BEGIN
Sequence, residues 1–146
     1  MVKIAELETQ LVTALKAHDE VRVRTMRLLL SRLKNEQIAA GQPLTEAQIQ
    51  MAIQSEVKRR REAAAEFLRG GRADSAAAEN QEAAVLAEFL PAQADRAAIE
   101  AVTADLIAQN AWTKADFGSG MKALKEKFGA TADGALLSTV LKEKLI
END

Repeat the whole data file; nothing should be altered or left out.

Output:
Sequence, residues 1–146
     1  MVKIAELETQ LVTALKAHDE VRVRTMRLLL SRLKNEQIAA GQPLTEAQIQ
    51  MAIQSEVKRR REAAAEFLRG GRADSAAAEN QEAAVLAEFL PAQADRAAIE
   101  AVTADLIAQN AWTKADFGSG MKALKEKFGA TADGALLSTV LKEKLI